Rather than relying on users to report offensive content that's then checked by Facebook employees, the system would detect any offensive material on its own. According to a Reuters report in June, the company is also working on way to flag extremist content, like violent photos or videos, but adding livestreams to the mix would require a lot more effort.
A debate over the nature of the streaming tool was sparked by a Facebook Live broadcast that showed Antonio Perkins as he was shot and killed by Chicago Police. The company left the video up on its site with a graphic content warning attached to it because the footage served as an example of the real consequences of violence. Facebook said that it would continue to remove any clips that sensationalized violent acts.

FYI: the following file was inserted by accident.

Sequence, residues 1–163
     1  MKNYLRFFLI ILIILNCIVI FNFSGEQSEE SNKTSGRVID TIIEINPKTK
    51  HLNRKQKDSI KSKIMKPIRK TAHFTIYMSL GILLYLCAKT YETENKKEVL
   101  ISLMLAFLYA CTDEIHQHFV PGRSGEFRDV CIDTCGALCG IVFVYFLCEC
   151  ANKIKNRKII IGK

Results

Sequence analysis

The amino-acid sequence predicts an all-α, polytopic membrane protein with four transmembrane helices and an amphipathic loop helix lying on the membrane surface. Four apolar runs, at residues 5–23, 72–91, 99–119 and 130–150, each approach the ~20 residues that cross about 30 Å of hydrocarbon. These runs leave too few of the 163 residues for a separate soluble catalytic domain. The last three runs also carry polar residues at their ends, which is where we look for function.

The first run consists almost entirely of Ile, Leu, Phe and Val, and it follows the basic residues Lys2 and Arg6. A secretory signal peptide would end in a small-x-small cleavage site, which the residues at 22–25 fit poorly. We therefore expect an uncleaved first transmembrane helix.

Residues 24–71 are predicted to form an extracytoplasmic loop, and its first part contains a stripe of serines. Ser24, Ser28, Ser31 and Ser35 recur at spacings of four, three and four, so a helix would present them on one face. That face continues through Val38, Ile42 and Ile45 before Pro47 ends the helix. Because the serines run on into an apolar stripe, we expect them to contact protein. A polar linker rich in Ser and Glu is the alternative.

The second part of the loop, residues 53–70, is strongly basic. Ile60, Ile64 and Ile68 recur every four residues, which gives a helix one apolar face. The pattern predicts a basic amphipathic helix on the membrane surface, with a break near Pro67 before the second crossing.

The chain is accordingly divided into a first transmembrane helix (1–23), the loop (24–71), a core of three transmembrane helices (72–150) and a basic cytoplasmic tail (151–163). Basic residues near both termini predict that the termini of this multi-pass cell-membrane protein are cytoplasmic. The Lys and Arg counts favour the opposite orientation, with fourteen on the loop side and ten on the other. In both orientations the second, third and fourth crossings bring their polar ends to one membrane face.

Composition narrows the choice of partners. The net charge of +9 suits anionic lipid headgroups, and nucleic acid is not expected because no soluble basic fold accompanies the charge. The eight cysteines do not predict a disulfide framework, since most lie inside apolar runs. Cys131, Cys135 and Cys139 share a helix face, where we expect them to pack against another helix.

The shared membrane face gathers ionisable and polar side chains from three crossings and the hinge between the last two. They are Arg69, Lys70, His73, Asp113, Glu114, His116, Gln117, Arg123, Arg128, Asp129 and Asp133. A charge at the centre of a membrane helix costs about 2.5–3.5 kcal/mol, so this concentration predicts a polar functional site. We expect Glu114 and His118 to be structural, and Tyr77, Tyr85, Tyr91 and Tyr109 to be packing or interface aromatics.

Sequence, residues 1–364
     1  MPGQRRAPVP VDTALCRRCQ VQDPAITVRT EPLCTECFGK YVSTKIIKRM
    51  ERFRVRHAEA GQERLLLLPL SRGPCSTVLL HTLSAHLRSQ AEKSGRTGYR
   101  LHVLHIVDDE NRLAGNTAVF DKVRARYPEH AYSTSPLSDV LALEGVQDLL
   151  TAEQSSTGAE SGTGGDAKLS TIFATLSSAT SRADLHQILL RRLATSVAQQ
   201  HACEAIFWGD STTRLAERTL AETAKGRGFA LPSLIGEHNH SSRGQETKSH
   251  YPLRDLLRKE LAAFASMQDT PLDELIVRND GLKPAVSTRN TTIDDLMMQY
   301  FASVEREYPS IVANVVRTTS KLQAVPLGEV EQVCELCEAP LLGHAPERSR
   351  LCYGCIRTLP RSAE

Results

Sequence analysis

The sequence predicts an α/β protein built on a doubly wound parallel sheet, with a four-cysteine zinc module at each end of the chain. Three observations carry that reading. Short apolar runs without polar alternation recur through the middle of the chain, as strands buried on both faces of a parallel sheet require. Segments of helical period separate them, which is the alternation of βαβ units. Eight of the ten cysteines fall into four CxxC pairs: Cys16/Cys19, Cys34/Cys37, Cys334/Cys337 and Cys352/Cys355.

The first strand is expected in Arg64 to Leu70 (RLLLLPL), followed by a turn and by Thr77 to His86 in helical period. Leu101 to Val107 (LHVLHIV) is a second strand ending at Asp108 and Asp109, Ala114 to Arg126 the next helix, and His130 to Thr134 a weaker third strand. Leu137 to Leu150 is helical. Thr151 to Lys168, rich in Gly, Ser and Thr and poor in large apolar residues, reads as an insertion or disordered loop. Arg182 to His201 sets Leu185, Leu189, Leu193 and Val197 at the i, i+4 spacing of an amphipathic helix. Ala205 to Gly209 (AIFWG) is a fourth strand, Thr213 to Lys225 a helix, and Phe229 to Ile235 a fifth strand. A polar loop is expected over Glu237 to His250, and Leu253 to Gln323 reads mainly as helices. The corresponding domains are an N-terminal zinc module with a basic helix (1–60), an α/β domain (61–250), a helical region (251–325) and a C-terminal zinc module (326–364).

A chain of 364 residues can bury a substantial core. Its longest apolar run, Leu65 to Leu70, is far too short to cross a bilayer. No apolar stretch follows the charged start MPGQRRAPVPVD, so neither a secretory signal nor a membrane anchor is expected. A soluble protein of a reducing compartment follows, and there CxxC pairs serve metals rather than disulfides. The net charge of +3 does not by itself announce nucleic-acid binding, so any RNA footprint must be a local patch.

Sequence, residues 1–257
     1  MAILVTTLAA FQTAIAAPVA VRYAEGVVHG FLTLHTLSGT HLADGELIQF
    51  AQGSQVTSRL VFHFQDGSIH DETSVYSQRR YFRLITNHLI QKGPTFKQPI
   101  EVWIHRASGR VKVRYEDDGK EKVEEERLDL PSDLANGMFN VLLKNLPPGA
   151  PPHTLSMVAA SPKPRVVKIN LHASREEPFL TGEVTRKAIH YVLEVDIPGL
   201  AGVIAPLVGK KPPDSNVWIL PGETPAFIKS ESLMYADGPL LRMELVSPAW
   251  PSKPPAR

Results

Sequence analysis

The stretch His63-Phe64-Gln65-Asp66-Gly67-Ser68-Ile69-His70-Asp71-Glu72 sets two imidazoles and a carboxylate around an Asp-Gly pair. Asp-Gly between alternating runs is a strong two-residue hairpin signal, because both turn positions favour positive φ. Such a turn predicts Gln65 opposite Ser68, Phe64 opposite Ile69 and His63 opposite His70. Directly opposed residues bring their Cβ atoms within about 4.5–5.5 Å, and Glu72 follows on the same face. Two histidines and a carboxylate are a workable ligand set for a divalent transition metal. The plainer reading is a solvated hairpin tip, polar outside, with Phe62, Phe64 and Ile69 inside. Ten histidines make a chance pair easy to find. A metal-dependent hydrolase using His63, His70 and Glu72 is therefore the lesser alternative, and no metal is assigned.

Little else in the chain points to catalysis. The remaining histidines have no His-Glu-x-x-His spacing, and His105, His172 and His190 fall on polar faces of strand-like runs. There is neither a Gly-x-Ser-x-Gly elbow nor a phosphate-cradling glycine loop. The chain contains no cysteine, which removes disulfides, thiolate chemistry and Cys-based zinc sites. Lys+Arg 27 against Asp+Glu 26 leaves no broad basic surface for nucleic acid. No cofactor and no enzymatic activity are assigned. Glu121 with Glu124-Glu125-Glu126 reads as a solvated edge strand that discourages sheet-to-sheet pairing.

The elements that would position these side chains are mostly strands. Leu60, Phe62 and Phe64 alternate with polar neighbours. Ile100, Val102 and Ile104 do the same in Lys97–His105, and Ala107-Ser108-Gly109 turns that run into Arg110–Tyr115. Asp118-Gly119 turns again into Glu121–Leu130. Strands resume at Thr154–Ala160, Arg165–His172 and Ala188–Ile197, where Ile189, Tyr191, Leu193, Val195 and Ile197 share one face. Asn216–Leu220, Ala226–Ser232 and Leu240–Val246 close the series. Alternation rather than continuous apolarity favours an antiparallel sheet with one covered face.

As Candela explained, there are two major challenges to policing live video. "Your computer vision algorithm has to be fast, and I think we can push there," Candela said. "The other one is you need to prioritize things in the right way so that a human looks at it, an expert who understands our policies, and takes it down."
Facebook is one of a number of companies dealing with the rise of fake news stories. Last month, CEO Mark Zuckerberg said that in addition to easier methods for users to report a hoax, the company is working on better detection of those links before they even make it into your New Feed.